Prime Minister Justin Trudeau is pleading with Canadians to follow public health guidelines on COVID-19, warning that stiff enforcement measures could be imposed if people don’t stop engaging in behaviour that puts lives at risk.
As images emerged over the weekend of people gathering in groups at beaches and parks, and for parties, Trudeau said individuals taking part in such “extremely concerning” activities are putting not only themselves at risk but also health care workers, the elderly and other vulnerable people.
“We’ve all seen the pictures online of people who seem to think they’re invincible. Well, you’re not,” he said.
“Enough is enough. Go home and stay home. This is what we all need to be doing, and we’re going to make sure this happens, whether by educating people more on the risks, or by enforcing the rules, if that’s needed. Nothing that could help is off the table.”
Trudeau said the government has not ruled out any enforcement options. He’s expected to speak with the premiers later today to discuss steps going forward.
Trudeau urged Canadians to follow the recommendations of public health officials, who are asking Canadians to practise frequent handwashing and social distancing, stay home whenever possible, avoid non-essential travel and self-isolate in cases where there has been a risk of exposure to the virus.
“We have to trust them and we have to listen,” Trudeau said.
Trudeau’s remarks come as the federal government launches a $30-million advertising campaign to raise awareness about measures to stop the spread of infection.
The ads, featuring Canada’s chief public health officer, Dr. Theresa Tam, will run for the rest of March and at least through April on all Canadian television networks and radio stations across the country, as well as in national, regional and local print outlets.
In the ads, Tam warns that the COVID-19 pandemic presents a “serious public health threat” and reminds Canadians of the importance of the measures to help delay the spread of COVID-19. By slowing the rate of new infections, officials hope to lessen the burden on the health care system.
There are now more than 1,550 confirmed cases, and at least 20 deaths, in Canada.
Speaking outside his residence at Rideau Cottage, Trudeau said there will be a $5-billion credit program to support farmers. He also announced $192 million in new funding for the development and production of vaccines to stop the spread of the virus.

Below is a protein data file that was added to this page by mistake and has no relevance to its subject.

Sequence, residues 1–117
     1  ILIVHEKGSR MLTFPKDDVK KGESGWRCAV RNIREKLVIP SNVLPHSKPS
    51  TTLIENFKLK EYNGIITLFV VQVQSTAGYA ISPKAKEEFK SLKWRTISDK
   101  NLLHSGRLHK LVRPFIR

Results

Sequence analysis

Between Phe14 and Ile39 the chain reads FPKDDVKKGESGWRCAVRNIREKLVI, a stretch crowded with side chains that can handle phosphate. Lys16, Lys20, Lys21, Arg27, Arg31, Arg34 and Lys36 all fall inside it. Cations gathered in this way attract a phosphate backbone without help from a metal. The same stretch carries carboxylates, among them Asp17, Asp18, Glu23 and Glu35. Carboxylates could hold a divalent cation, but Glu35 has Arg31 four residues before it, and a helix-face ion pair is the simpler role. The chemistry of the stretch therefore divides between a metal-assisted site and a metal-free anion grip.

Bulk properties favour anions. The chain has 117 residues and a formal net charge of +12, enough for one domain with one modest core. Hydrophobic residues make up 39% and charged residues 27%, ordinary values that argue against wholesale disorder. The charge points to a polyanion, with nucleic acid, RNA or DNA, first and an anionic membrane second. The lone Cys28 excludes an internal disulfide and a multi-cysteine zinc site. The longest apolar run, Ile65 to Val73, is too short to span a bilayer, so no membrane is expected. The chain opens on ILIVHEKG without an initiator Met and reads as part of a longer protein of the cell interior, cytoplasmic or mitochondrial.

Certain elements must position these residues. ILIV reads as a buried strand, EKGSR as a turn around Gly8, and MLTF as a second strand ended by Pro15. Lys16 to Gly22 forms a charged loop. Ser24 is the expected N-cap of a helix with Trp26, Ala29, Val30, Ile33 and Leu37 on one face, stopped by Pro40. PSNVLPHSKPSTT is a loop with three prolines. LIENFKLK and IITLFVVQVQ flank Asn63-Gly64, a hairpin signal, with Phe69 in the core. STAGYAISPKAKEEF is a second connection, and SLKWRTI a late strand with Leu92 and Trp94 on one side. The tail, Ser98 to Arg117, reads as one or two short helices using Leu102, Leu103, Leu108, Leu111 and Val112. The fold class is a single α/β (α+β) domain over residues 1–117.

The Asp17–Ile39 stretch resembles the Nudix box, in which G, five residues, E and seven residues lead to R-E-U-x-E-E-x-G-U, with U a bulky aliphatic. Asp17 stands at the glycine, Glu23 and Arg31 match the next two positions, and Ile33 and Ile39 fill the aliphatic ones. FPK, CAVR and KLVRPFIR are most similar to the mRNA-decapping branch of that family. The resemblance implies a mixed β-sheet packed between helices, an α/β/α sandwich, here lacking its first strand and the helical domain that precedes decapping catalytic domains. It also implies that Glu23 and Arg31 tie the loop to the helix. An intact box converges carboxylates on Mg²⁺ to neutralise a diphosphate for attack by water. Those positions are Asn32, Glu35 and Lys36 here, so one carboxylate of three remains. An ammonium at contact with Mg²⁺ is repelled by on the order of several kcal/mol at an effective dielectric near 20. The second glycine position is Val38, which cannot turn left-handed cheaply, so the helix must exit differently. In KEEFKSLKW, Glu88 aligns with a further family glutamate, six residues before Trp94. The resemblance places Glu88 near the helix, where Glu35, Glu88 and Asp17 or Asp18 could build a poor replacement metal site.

Trudeau remains in self-isolation because of his wife Sophie’s positive test for COVID-19.
Some provinces recommending isolation for domestic travellers
Every province and territory has now declared either a state of emergency or a public health emergency, but to date the federal government has not invoked the Emergencies Act, which would give it special powers to enforce quarantines and limit movement.
Some provinces have adopted their own rules, which include mandatory self-isolation upon arrival from another province.
Trudeau spoke today with Ethiopian Prime Minister Abiy Ahmed and is also expected to talk to Japan’s prime minister, Shinzo Abe.
As COVID-19 cases mount around the world, the committees responsible for Canada’s involvement in Olympic and Paralympic sport have decided they won’t be sending athletes to Tokyo if the 2020 Summer Olympics go ahead as planned.
Health Minister Patty Hajdu said Sunday the government is also considering the option of imposing financial or criminal penalties on Canadian travellers who don’t follow the government’s advice.
The Quarantine Act, which was updated in 2005 after the deadly SARS outbreak, gives the federal health minister the power to designate quarantine zones and fine or jail travellers who disobey quarantine requests.
If a designated quarantine officer believes that a traveller has refused to isolate themselves, they can ask a peace officer to arrest the traveller and bring them into quarantine.
The House of Commons will reconvene Tuesday to adopt emergency measures announced earlier this week by the federal government to help Canadians and businesses hit financially by the health crisis.
Trudeau announced a massive $82-billion aid package that includes $27 billion in direct supports and another $55 billion to help business liquidity through tax deferrals.